"It shall meet many obstacles yet," Freyja said. "As I said, the road has yet to be cleared."

    "The obstacle that I see," Brynhild said, "is a big one that will not be cleared easily. It is true that people are eager to hear what the Gods have to tell them, but it is also true that they are reluctant to act according to what they hear unless they see some matter of fact connected to what they hear."

    "Yes," Freyja said, "that's why Odin needs you. Your appearance draws men's eyes to Valhall. Now I shall need something to catch men's eyes and draw them toward the Blessed Islands."

    "Whatever you choose," Brynhild said, "it must be either a hidden thing, like ourselves, or a rare thing, so that people won't wonder why they never noticed it before."

    "A rare thing would be better," Freyja said. "The effort needed to make the scheme succeed shall be small and the people who see the evidence will feel especially privileged, so the seeing will make a deep impression upon their hearts." She paused and gazed at the sky. "Perhaps when some great man or woman dies," she mused, "someone truly important, emissaries from the Blessed Islands could come in a wagon and take the body away."

    "The Blessed Islands are across the Ocean Sea," Kari said. "Shouldn't the emissaries come in a boat?"

    "Not in any boat like the Norsemen use," Borgny said. "The Ocean Sea's smallest waves throw those over and smash them."

    "Yes, a boat," Freyja said. "One too big to be thrown over, perhaps as big as a house."

    "You could even make it like a house," Tori said, still sniffling and dabbing her eyes with the napkin. "You know, hire a carpenter to make it out of wood planks."

    "Wood!?" Borgni said. "Wood is too heavy. Boats are made of branches and animal skins." To Freyja she said, "The council of her thoughts has overindulged in some exceptionally strong mead." She hefted her drinking horn suggestively. "Give her so much as a poorly-marked path and she will follow it truly, but ask her to mark a good path where none has been before...." She shrugged. "You might as well try to catch the wind in a net."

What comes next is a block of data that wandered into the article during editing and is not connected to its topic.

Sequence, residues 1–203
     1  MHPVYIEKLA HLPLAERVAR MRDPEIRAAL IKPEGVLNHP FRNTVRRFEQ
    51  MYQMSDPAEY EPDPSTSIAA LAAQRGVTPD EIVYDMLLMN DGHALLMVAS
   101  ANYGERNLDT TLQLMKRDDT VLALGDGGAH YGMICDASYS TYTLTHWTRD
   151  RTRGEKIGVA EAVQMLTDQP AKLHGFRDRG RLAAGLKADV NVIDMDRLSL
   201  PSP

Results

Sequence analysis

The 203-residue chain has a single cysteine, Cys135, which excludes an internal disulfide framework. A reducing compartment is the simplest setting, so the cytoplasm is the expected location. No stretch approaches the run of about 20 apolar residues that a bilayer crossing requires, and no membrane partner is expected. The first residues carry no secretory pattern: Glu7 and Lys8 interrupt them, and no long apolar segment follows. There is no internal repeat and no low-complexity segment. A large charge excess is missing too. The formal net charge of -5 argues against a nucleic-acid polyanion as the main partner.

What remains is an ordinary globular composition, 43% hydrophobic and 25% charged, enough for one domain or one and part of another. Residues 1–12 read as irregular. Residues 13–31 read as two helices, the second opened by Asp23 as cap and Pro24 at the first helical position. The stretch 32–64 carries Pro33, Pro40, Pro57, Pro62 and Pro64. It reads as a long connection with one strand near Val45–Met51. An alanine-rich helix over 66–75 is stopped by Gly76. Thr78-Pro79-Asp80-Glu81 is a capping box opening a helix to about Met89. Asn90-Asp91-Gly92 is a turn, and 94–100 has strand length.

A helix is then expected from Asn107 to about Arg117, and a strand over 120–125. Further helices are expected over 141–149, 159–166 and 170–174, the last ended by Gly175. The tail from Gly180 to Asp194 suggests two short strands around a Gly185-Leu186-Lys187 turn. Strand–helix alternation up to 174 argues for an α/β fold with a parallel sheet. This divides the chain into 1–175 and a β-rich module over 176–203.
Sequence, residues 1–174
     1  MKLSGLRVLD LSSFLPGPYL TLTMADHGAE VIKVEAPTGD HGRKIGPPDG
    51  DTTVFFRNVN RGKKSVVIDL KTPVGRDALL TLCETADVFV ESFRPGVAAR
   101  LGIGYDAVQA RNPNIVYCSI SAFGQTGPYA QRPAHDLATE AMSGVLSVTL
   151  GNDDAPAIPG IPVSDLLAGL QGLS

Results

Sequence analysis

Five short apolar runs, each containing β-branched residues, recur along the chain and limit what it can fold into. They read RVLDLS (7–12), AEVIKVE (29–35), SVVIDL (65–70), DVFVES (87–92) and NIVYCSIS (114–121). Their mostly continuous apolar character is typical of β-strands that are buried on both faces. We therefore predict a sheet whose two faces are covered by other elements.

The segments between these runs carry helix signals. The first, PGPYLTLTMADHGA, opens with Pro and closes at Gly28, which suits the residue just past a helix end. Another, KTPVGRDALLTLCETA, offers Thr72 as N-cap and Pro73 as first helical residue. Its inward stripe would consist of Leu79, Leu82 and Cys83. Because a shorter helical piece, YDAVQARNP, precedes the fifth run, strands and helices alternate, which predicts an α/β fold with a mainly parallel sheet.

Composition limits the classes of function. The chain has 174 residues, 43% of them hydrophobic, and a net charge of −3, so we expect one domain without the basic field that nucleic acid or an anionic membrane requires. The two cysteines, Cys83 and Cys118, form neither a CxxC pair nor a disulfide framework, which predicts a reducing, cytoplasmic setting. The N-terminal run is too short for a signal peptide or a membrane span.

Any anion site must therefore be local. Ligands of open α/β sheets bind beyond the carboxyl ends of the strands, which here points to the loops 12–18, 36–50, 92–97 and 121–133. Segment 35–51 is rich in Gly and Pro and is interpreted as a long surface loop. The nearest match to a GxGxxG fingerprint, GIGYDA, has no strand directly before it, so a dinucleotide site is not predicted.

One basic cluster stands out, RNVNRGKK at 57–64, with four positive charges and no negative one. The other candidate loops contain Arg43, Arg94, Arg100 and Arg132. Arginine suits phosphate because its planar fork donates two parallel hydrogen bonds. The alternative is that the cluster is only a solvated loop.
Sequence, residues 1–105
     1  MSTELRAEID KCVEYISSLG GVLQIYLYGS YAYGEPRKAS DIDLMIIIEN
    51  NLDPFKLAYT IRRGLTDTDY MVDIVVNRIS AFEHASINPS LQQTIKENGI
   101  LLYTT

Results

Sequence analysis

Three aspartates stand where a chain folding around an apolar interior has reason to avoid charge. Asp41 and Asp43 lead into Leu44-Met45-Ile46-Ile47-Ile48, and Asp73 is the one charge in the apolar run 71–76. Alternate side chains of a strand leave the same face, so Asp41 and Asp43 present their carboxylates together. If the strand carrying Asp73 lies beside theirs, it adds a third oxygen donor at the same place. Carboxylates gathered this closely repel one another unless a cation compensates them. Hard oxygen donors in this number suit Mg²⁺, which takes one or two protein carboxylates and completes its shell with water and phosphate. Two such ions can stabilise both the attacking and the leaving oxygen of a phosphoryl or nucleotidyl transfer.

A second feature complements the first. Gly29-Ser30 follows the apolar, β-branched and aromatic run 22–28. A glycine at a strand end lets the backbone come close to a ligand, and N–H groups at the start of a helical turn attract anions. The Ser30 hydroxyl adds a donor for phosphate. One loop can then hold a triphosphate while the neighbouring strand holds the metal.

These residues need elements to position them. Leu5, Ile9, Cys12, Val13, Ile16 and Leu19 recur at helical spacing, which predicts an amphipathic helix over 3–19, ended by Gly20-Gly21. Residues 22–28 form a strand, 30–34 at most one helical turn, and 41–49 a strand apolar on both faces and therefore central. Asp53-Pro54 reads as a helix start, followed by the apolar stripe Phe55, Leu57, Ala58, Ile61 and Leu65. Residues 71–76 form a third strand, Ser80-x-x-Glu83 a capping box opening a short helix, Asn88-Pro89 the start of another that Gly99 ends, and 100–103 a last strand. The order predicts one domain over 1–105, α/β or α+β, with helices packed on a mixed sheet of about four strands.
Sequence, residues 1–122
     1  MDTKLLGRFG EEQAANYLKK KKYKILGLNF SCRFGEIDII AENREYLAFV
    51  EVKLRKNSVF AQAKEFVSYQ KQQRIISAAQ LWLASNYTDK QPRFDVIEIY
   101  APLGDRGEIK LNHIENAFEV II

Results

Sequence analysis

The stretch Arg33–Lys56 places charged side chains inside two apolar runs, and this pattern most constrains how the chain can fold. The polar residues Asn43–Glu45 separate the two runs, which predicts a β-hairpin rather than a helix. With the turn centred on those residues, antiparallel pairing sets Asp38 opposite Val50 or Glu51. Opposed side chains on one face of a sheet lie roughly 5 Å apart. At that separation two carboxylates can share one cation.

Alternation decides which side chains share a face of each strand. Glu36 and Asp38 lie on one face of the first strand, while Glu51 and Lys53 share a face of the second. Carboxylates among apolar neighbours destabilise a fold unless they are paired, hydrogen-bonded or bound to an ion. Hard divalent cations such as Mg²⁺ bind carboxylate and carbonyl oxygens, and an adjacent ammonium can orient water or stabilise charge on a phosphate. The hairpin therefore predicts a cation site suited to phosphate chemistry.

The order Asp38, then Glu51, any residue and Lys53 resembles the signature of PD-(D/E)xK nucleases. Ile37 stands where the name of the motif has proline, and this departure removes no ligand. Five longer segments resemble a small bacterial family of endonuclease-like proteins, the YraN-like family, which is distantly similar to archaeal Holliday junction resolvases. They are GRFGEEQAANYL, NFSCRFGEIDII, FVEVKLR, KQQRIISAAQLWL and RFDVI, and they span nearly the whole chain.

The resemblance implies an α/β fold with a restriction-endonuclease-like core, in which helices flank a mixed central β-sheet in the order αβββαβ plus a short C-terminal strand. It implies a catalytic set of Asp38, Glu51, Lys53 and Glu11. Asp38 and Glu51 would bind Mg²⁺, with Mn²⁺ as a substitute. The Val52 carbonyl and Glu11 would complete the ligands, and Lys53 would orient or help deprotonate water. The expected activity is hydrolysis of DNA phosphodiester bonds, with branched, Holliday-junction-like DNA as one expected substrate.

"You could catch the wind in a net," Tori said defensively, "if you wove the net fine enough, like cloth."

    "And if I were so foolish," Borgny said, "what would I do with a captive wind? It would be like trying to hold onto a runaway horse." She rolled her eyes, sighed, then, looking at Freyja, hefted her drinking horn again, before taking a draught from it.

    For a long moment Freyja stared over the valkyries' heads, out into the far distance, barely breathing, as though reluctant to taint the silence with so much as a sigh.

    "Yes," she said slowly. "Yes, the council of my thoughts judges Tori's thoughts to be good ones, ones that might even succeed." She shook her head. "But I don't wish to use anything that the Norsefolk could make for themselves; that would take all the magic out of it." She gazed dreamily out over the distant clouds and mused, "No, I see a better vision. I see a giant boat, one as big as a house. The branches are tree trunks made of gold and the animal skins are sheets of amber. The boat will paddle itself with gold paddles that come out of its sides like a duck's legs. The boat shall come to the dead man's village in the afternoon, the emissaries will take the body away onto the boat, and the boat shall go away into the sunset. As it paddles into the sunset it will become a cloud of fire that blends with the sky and disappears."

    "Oh, what a pretty vision," Kari said. "Could you draw a picture of the boat?"

    Freyja turned her scroll over and the valkyries leaned in close to her as she began to sketch. "It will have to look like the boats that the Norsemen use," Freyja said as she drew the lines, "but the paddles will go on like this."

    The ant perched on the rim of the service well slowly crept down into the well and, when it was out of the women's sight, scurried down into the cavern below. The ant hurried past cauldrons of mead and ale and racks bearing drinking horns. It hastened past the entrances to other caverns, kitchens in which food was being prepared by child-big cutmaster mantises, and into the tunnel that led to the cliff just above the valkyries' alcove. It dropped onto the slab, rose up, and turned into Loki. With a sneering glance back toward Gladsheim, he dove over the wall.


    In the nethermost depths of Asgard there was a forest of stone. Set close together, the trunks of stone trees, tall and straight, filled a giant cavern. Luminous lichen growing in the trees shed a thin gray light and an endless drizzle misted the air.

    The trees opened out onto a small clearing at the base of a cliff whose top was hidden in the mist. From cracks in the cliff water spilled into a mossy beard at the cliff's base. The water flowed clear and cold out of the moss and over a wide polished-flint slab that sloped gently to disappear under the gravel-and-pebble bed of a brook that carried the water into the forest. Here and there the flint slab sparkled and from each sparkle a thin, rainbow-hued ripple of light spread across the stone.